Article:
There are three of them up for bid June 28, so of course I wanted the newest one, a 2000 model with about 4,500 hours of usage. That means it's only resurfaced a complete ice surface about 6,027 times. (Hey, I do research on what I'm buying!) It's practically brand new for a middle-aged vehicle, and believe me, I am intimately acquainted with middle age.
First, I had to see what I was bidding on, so I asked Parks Department Director of Leisure Services Perry Ehresman to show me around, and it's not really his fault that he turned his head at the wrong time. It was a natural reaction when the rock I threw landed in a far dark corner. While Ehresman tried to figure out where the sound came from, probably fearing some large critter or maybe thinking about lunch, I did what every prospective owner does with a new vehicle – I took it for a test drive.
Let me tell you, this baby can really hum. Slamming the pedal to the floor, I pushed that fine-tuned engine up to 9.7 miles an hour. Look out, Dario Franchitti! I might have gotten even more speed out of it if I hadn't made my break across the McMillen Park grass. A Zamboni does not do well as a mower, though it does cut the time in half with the wide swath.
I picked up momentum when I hit the golf course, steered into the tailwind and leaned forward. I looked like Motley Crue's drummer trying to push a little more oomph out of my ride. Without the hair, of course. Or the hot lady.
Figuring I might need a few tips, I pulled out my cellphone to call expert Zamboni drivers Paul Hollabaugh and Jeff Alcox from Memorial Coliseum.
"Hypothetically, Paul, what's the best way to gain some extra speed on a Zamboni?"
Hollabaugh said a Zamboni is not built for speed, so I hung up and called Alcox. Spoilsport!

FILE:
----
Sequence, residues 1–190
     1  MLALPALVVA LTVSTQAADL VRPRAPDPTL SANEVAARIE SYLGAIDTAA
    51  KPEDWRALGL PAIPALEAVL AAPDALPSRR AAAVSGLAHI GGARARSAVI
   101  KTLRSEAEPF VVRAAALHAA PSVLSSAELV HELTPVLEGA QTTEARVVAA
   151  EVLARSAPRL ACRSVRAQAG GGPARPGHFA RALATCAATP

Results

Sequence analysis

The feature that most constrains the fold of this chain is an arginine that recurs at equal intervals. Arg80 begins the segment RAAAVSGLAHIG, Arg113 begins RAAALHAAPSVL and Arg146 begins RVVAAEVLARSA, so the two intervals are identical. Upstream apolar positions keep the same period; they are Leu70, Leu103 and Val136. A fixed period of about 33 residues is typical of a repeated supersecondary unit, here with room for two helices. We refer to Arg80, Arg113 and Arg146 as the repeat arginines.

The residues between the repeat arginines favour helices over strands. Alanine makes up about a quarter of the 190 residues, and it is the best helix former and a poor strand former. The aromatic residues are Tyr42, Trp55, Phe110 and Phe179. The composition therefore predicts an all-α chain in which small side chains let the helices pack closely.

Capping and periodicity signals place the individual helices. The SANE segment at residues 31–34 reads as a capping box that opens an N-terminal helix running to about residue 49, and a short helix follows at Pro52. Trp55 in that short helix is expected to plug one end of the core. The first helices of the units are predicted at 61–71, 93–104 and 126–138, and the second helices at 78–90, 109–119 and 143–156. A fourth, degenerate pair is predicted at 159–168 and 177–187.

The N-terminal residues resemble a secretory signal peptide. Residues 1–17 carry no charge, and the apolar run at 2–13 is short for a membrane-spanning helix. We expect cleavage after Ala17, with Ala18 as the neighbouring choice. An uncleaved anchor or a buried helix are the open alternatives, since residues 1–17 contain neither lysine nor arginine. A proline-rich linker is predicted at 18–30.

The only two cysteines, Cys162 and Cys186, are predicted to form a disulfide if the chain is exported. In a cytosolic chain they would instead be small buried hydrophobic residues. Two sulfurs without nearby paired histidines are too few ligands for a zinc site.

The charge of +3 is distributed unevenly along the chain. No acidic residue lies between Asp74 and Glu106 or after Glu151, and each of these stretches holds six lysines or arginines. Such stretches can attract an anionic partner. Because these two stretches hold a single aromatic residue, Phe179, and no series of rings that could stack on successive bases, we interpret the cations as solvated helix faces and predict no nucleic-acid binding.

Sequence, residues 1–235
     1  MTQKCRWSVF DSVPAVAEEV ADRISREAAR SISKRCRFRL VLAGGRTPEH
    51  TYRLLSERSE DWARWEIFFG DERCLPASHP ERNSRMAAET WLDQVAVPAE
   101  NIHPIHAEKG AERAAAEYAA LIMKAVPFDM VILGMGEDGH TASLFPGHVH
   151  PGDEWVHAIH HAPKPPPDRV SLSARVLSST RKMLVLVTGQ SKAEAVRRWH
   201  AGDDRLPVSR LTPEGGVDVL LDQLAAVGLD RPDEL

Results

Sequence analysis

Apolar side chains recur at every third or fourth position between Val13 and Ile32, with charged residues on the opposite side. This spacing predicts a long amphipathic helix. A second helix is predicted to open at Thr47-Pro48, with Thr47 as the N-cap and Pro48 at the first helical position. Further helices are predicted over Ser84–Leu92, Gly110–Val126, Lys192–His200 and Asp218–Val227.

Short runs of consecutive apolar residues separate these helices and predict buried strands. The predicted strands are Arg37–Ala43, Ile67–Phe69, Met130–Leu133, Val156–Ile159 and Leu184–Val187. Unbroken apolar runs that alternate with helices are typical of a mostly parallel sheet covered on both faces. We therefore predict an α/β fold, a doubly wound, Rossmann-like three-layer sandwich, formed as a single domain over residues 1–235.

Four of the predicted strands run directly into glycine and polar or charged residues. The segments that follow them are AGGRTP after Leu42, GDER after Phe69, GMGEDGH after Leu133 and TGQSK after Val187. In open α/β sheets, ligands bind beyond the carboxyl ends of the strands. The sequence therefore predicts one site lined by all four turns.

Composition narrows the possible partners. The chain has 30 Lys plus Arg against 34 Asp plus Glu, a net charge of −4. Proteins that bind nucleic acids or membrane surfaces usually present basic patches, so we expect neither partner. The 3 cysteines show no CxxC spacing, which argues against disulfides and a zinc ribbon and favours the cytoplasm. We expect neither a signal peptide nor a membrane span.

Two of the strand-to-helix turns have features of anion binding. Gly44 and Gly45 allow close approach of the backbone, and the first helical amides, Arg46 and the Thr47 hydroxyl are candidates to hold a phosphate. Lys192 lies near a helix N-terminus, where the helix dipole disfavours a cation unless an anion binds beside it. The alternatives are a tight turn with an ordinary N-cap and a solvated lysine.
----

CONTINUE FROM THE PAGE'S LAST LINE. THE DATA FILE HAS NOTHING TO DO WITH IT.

Alcox didn't have any tips, either, and right then I needed more speed: I'd been spotted by a police cruiser that pulled up beside me.
"What are you doing?" the exasperated officer asked.
"Trying to figure out how I'll mark this down on my expense report," I said. Oh, and working on a new marketing campaign.
I'm thinking I can make some money off this by selling advertising for the sides. Everyone in the city will be staring at it and expressing awe when I'm driving through town. I figure all those hand gestures and exclamations will make this baby a huge talking point. Yes, sir, I agree, my Zamboni is indeed No. 1!
At the very least, anyone unfortunate enough to get caught behind it will have plenty of time to look at the advertising.
I also think I could rent the machine out to clean up homemade rinks in backyards, ponds or on cul-de-sacs where kids will be holding games during the winter. I might have to start driving to the locations a few days before appointment times, though.
It would also be perfect for parades, kids' birthday parties and to pop the lid so Icy D. Eagle can emerge as a surprise. A Zamboni could also be used to walk a hoard of dogs, but you'd need extra-long leashes. It could be the ultimate pooper scooper.
Somehow, the police officer wasn't buying it. No, I wanted to buy it.
It didn't help my case when he left his car to walk alongside the Zamboni. I might have gotten away if I had cut back more often on the side streets. Unfortunately, that would have meant going against the wind.
One thing about driving such a unique machine is that it doesn't blend in very well with the rest of traffic unless you manage to draft with a fire truck. There's an idea! The Zamboni could become the official mascot of the fire department! That old spotted dog has nothing on a Zamboni.
But then the police officer got tired of chasing me. It didn't help that I tried to hide in a drive-through and got stuck.
Anyway, that's my story, Judge. I tried calling Hollabaugh to raise bail, but he just hung up.